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old water smell?

Old 08-28-2009, 12:21 AM
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Default old water smell?

hello,

i have a 2007 TC i bought it brand new in 06 0 miles. just a few months ago i began noticing like an old water smell . i havent spilled anything and ive gone crazy looking for the source of the odor . i had all the rugs and seats professionally shampooed and everything and its still there!!!! theres no weatherstripping leaks that ive seen so i was just wondering if anyone had some insight into what it could be or a resolution?

thanks
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Old 08-28-2009, 03:47 AM
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Have you changed your cabin filter recently? If you bought in 06 and haven't changed it in 3 years, chances are that that is the source of your smell. Also, I can't remember exactly what it's called, but in your ac unit (condensor/vaporator, I'm not sure), there is a tray in there that needs to be emptied if it's filled up. This water can become stagnant or grow mold. I'm not an a/c guy, so I don't know what steps you should take, but I'd figure that jacking up your car and taking a look at your unit wouldn't be difficult at all. I'd suggest to start with that cabin filter first. Should be where your glove box is.

I speak from experience as I had this problem with my 08 xB. After replacing the filter, problem solved. It was weird, but I don't question it.
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Old 08-28-2009, 06:09 AM
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mold most likely
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Old 08-28-2009, 01:16 PM
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Evaporator has a drain pan with a small plug. Over time that plug gets clogged and will hold the water in side instead of routing it under your car. Sometimes it gets so bad the water overflows into the car, but most of the time I gets stale and will mold. Any shop with a half brained AC mech can unclog the plug and spray mold killer to clean the pan. Also change your cabin filter since the mold will grow on the filter if it is kept wet.

EDIT: Our car seems to have been designed by LEGO so you should be able to pull off the dash and glove box to see the filter and the evaporator box. No clue where everything is at on this car since I have yet to really tear mine apart.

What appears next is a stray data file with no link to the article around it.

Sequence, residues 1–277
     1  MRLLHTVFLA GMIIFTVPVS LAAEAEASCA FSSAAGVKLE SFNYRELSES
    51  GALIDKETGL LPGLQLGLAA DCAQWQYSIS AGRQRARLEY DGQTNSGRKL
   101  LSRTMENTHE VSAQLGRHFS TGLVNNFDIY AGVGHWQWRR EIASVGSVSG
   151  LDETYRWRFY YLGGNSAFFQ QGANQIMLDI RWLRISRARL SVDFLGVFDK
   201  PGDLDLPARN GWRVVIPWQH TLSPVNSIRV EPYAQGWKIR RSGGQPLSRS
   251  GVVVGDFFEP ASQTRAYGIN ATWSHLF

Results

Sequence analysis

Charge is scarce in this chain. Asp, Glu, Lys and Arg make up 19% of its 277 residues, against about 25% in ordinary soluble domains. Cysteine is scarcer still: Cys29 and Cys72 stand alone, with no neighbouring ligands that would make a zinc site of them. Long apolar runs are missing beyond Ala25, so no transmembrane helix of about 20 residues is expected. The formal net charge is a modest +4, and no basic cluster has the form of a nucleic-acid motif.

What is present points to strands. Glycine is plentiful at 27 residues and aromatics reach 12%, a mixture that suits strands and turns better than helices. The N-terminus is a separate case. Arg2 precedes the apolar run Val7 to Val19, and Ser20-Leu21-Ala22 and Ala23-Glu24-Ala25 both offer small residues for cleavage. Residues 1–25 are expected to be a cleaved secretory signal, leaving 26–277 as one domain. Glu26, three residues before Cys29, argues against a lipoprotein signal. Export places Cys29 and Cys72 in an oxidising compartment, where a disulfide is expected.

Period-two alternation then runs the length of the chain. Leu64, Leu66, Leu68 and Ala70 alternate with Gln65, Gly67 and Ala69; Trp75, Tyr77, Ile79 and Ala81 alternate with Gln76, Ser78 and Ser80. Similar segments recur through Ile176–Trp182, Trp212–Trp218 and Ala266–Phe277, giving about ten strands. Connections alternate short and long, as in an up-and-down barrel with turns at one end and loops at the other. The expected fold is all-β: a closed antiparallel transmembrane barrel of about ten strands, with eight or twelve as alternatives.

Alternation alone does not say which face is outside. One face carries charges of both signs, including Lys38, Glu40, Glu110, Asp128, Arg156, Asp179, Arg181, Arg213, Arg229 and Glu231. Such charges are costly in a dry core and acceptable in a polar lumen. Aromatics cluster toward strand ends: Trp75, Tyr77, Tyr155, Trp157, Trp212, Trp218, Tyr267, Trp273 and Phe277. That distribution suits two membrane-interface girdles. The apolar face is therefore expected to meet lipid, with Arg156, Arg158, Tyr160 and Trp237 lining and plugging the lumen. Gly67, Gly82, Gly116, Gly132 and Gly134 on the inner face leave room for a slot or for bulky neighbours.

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Old 08-28-2009, 02:55 PM
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yea i checked the cabin air filter, but there wasnt even a filter in there, which i heard is common, but ill check the evaporator to see it thats the source of the problem
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Old 08-28-2009, 06:24 PM
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tCs don't come with a cabin air filter, but do have the housing for those that want to install one. You can search for threads containing DIY instructions, including various types of filter elements people have used, as there have been plenty posted here.
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Old 08-28-2009, 06:57 PM
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Originally Posted by nodsetse View Post
tCs don't come with a cabin air filter, but do have the housing for those that want to install one. You can search for threads containing DIY instructions, including various types of filter elements people have used, as there have been plenty posted here.
Napa has the model specific filter for the tC
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Old 08-28-2009, 07:05 PM
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Default lol. i jus solved that problem today.

got my oil changed n guy asked me if i need to change other things like tranz fluid, power steering fluid, blah blah blah, then he said cabin air filter. (hmm maybe thats y my a/c smells like a old wet rag) he pulled it out n NO FILTER WAS IN THE CONTAINER. to me thats stupid on scions part but n e way he put a filter in there n that water rag smell is gone. n the air finally smells like a/c air shud smell! clean.. btw it was 30 bucks. i think i got ripped off but watever im happy i fixed it.
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Old 08-28-2009, 07:10 PM
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pull out glove box n to far right side is a elbow/plastic piece u can pull out(might b 1 on left side also) but once u do that the glove box drops lower. n bingo theres ur cabin air filter container.
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Old 08-28-2009, 11:10 PM
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i guess ill go and buy the filter too see if it makes a difference
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Old 08-28-2009, 11:11 PM
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Dude. Here's what I did. I bought a good house filter from Wal-Mart, sized it up to fit, then sliced that crap apart and crammed it in there. I can get 4 cabin filters for dirt cheap out of a $13 house filter. Just keep your OEM one (provided you have one) handy so you can use it to size the other filters that you cut.

I better take a look at my drain plug, too, and see if I can drain it out. Anyone know where it is without me having to Google it?
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Old 08-29-2009, 01:09 AM
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06's didn't come with cabin air filters, the 08's did. The smell you smell is mildew, you need to spray some lysol into the a/c air box behind the glovebox. The air inlet is at the base of the windshield on the passenger side. Turn the fresh air on, fan on, spray lysol, it'll get into the a/c air box. Then turn the fan off, let it sit.. Smell will be gone.

also check that drain plug too, it's at the footwell of the passenger side, up where the carpet stops.
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Old 08-29-2009, 11:06 PM
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FYI, if you have mildew in your car, don't expect the Lysol to kill it. Lysol kills common house germs, but is ineffective against molds and especially endospores. You'll just make it smell pretty. It's like putting perfume on Chuck Norris, but he actually prefers the blood of his enemies over fragrances.
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Old 08-29-2009, 11:25 PM
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Originally Posted by pyroman131 View Post